Volunteer stories : Derek S., General Care Projects in Mongolia
Mongolia: Happiest Time of My Life
I came to Mongolia with a vision of vast open spaces, an impression of peacefulness, and a desire to learn about Buddhism. I was not disappointed, although there is much more to Mongolia than that.
In Ulaanbaatar there is a noticeable mix of wealth and poverty and of traditional and modern. One of my most striking memories is of an elderly Mongolian woman in a “deel” (traditional Mongolian clothing) speaking on a mobile phone. In the city centre there are impressive buildings, expensive cars, and numerous cafes and shops. You can buy almost anything in Mongolia now. Once you venture into the “ger” districts (in the suburbs of Ulaanbaatar), it is clear that there is some extreme poverty and unemployment, and that this is a third World Country.
I made sure that I was in the countryside at every possible opportunity. The Mongolian countryside is so vast, green, mountainous and unbelievably beautiful. I challenge anybody to come here and not be blown away by the landscape. And you only need to go 10km outside of Ulaanbaatar to see such beautiful landscapes. Every volunteer I have met here has been deeply touched by the Mongolian countryside. Due to the tiny population of Mongolia (relative to its size) there are vast areas of unspoilt and uninhabited countryside to enjoy. Mongolia is a must for anyone who loves natural beauty.
There was a close group of volunteers during the summer. At one point in July there were 50 volunteers in Mongolia, and everyone had each others’ telephone numbers. We all met up regularly for drinks and meals. Mongolia, by its nature, attracts a certain type of person. I have encountered profoundly kind, compassionate, interesting and humorous people. I have made many close friends whom I am sure I’ll be in touch with for the rest of my life. I even met my girlfriend here.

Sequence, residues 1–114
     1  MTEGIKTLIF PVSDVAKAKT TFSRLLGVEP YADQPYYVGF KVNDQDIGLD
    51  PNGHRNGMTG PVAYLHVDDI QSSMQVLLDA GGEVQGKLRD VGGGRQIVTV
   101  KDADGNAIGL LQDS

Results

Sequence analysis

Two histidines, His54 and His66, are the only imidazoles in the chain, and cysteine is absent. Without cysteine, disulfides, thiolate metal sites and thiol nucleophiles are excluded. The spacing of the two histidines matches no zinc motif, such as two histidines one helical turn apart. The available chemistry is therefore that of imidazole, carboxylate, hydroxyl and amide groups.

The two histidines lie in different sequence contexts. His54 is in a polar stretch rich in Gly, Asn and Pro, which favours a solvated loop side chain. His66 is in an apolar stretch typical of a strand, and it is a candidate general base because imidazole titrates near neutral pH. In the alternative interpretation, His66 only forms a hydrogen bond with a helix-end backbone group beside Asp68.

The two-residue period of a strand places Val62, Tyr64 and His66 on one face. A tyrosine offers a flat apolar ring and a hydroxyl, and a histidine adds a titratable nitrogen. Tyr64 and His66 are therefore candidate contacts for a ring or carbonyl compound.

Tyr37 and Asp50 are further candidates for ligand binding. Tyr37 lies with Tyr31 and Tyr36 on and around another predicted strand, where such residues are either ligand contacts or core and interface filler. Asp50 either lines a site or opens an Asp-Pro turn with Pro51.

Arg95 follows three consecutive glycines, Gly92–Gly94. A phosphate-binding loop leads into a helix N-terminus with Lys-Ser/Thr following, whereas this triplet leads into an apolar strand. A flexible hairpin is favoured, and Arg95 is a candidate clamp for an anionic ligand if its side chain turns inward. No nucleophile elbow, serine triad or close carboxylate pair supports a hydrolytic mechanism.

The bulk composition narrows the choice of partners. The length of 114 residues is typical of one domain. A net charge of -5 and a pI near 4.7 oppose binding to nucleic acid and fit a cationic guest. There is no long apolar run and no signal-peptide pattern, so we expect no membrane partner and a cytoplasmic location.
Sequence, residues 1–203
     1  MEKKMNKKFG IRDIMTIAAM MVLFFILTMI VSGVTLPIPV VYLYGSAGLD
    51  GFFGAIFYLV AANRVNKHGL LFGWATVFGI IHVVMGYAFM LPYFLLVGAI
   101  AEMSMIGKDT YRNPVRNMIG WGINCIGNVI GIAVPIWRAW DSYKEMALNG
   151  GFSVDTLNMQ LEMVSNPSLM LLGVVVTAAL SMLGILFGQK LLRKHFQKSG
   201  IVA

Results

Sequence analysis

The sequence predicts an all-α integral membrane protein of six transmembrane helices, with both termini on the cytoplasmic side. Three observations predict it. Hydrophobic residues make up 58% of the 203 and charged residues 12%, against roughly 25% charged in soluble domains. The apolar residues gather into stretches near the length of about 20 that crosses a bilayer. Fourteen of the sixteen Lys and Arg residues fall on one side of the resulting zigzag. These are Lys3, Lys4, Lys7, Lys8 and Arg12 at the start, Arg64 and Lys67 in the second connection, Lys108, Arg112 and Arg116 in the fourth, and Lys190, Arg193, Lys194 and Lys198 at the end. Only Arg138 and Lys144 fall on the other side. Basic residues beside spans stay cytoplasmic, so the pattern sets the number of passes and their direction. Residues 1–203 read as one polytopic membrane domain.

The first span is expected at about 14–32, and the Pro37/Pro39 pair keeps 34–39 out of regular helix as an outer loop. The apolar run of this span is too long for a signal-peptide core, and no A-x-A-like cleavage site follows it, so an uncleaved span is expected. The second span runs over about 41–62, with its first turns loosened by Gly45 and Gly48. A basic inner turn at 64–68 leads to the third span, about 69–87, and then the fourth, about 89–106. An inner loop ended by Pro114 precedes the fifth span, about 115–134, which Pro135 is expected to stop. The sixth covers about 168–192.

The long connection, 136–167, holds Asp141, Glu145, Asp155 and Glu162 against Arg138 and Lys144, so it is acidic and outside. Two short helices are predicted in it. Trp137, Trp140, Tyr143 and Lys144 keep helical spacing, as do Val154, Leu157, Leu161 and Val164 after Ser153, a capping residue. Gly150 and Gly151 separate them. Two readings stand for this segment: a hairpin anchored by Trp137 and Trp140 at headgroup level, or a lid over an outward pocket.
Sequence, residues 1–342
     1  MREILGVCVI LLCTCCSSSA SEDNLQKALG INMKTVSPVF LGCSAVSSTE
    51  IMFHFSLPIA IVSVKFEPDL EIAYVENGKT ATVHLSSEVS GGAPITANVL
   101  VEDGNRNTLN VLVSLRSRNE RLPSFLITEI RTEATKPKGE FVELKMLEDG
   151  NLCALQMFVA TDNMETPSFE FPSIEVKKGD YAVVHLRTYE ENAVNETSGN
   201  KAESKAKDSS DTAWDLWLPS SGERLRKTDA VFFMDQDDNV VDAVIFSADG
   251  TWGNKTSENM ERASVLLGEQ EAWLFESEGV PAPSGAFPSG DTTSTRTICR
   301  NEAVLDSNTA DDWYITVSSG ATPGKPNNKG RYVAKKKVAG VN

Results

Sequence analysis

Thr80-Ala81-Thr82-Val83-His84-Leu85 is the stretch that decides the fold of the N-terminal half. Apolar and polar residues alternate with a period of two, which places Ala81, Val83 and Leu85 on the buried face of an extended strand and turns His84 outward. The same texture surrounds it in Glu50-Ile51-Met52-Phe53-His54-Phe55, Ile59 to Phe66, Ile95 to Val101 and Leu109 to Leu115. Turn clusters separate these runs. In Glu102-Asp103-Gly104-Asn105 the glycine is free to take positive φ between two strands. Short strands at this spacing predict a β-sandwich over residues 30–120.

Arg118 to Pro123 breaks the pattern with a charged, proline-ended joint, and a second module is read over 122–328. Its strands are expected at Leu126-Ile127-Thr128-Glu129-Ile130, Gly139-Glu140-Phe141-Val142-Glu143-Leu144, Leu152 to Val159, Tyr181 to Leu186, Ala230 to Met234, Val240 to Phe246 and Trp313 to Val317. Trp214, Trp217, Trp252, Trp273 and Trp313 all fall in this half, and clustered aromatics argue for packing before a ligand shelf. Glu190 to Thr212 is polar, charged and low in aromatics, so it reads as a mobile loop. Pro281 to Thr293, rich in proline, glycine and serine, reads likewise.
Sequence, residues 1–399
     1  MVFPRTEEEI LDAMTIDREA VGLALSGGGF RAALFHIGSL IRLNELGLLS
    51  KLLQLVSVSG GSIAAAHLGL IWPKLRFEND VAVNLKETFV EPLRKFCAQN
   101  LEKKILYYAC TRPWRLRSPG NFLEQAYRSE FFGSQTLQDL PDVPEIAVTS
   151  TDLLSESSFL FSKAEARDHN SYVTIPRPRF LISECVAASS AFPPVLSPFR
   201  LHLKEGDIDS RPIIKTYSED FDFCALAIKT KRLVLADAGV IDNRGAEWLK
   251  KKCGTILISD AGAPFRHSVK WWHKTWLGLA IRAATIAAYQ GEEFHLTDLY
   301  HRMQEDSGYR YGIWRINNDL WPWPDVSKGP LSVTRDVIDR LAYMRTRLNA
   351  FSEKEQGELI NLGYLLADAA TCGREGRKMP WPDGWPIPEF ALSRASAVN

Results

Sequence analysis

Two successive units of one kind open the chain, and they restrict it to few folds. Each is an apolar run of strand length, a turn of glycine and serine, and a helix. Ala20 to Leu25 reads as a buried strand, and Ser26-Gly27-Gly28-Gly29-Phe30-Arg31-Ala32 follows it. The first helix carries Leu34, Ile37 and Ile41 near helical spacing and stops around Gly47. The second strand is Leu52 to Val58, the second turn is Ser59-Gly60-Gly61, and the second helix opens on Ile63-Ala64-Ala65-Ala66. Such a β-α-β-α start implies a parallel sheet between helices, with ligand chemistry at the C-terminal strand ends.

For my first two months in Mongolia I worked in the Mongolian State University of Education, teaching English. I was delighted by the effort and desire of the students to learn. Every morning, I was greeted by 30 smiling faces, all trying to impress me with their best English. One day I set a test and I was amazed that every student revised thoroughly and worked extremely hard (in silence) for 3 hours. I have a little bit of teaching experience in England and, there, this wouldn’t happen in my experience. When I left they all made me cards and wrote me letters in English. They were all aged between 20 and 22 (roughly my age) so we all connected, and they became my friends. I feel honoured to have met them and will try to stay in touch with all of them.
In my third month I worked in the “Gerel” children’s centre. I had previously been to other orphanages in Mongolia and was amazed at the comfort with which these children lived. This orphanage has 28 children aged between 2 months and 8 years. They seemed to be well fed, well clothed and their accommodation was immaculate. I really got the impression that this orphanage is well funded and well run. The children are happy, and were delighted to have a male around. They called me “aav” (meaning father). Leaving was very sad, but not for the children who sang for me to say goodbye. The other orphanages I went to were nowhere near as well funded, but I was always touched by the extremely cheerful, generous and kind nature of the children.
So my experience of Mongolia truly has been life changing. I have met some amazing people (both Mongolians and fellow volunteers). There are some things I have learnt here that I will try to take home to England with me. Firstly, Mongolian people are most generous people I have ever met. Whatever they have they will share with you even if it really isn’t much. Secondly, Mongolian people are peaceful and calm and have a very accepting outlook on life. They neither get too happy nor too sad, but they are mostly content (and therefore happy). Thirdly, Mongolian people are so open and honest and you understand that there is no pretence in their kindness and friendliness. It’s my plan to come back next year and to live here in the future. That sums it up.
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